China’s increasing co-operation, particularly with regards to SEZs, should be welcomed, but not seen as a reason for African governments to take a back seat.  The goal of industrialization must be to ensure structural transformation. As Africa applies it mind to these enormous and challenging tasks at hand, there are bound to be more success stories of industrial revival. Now is the time for Africa to take its destiny in its hands, using all the help it can get.

Dr Adefolake Adeyeye is a full-time research fellow at the NTU-SBF Centre for African Studies in Singapore. Prior to joining the NTU-SBF Centre for African Studies, she was an adjunct assistant Professor of Law at the National University of Singapore (NUS). Her research interests are in corporate social responsibility, multinational corporations, corporate governance, global governance, international law and sustainable development. She holds a Doctor of Philosophy in Law from NUS.


[1] FIAS, Special Economic Zones: Performance, Lessons Learned and Implications for Zone Development, World Bank, 2008; Thomas Farole, Special Economic Zones in Africa: Comparing Performance and Learning from Global Experience, The World Bank, 2011

[2] FIAS, Special Economic Zones: Performance, Lessons Learned and Implications for Zone Development, World Bank, 2008; Douglas Zeng, ‘Global Experiences with Special Economic Zones – With a Focus on China and Africa’, Investing in Africa Forum, World Bank, 2015

[3] FIAS, Special Economic Zones: Performance, Lessons Learned and Implications for Zone Development, World Bank, 2008; Thomas Farole, Special Economic Zones in Africa: Comparing Performance and Learning from Global Experience, The World Bank, 2011; Chinese Investment in Special Economic Zones in Africa: Progress, Challenges and Lessons Learned, January 2011 available at http://www.ppiaf.org/sites/ppiaf.org/files/publication/Africa_China_SEZs_Final.pdf; Hao Zhang and Fernanca Ilheu, ‘The Role of SEZ in Africa Countries Development and the Chinese FDI’ Lisboa School of Economics and Management, WP 129/2014; Douglas Zeng, ‘Global Experiences with Special Economic Zones – With a Focus on China and Africa’, Investing in Africa Forum, World Bank, 2015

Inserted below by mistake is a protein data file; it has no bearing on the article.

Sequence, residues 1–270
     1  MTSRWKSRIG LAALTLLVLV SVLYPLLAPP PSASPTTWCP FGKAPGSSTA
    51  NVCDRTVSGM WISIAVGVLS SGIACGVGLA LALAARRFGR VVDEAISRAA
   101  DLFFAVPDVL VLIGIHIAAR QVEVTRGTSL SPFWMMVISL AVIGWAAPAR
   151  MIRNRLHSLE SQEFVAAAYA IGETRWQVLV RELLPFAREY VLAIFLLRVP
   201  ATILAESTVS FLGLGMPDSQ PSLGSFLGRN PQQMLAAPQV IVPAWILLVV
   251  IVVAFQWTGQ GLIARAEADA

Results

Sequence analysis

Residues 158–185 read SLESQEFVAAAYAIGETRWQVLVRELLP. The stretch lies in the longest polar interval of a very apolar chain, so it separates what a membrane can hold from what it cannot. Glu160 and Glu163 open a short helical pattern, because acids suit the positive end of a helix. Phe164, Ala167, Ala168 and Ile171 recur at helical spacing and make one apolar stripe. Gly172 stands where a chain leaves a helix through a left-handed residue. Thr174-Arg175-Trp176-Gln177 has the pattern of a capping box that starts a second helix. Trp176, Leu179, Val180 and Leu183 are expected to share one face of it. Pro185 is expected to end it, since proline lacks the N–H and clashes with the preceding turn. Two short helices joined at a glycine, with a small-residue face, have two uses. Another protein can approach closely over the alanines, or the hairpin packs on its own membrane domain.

[4] Thomas Farole, Special Economic Zones in Africa: Comparing Performance and Learning from Global Experience, The World Bank, 2011; Deborah Brautigam and Tang Xiaoyang, ‘African Shenzhen: China’s special economic zones in Africa’, J. of Modern African Studies, 49,1 (2011) 27-54; Douglas Zeng, ‘Global Experiences with Special Economic Zones – With a Focus on China and Africa’, Investing in Africa Forum, World Bank, 2015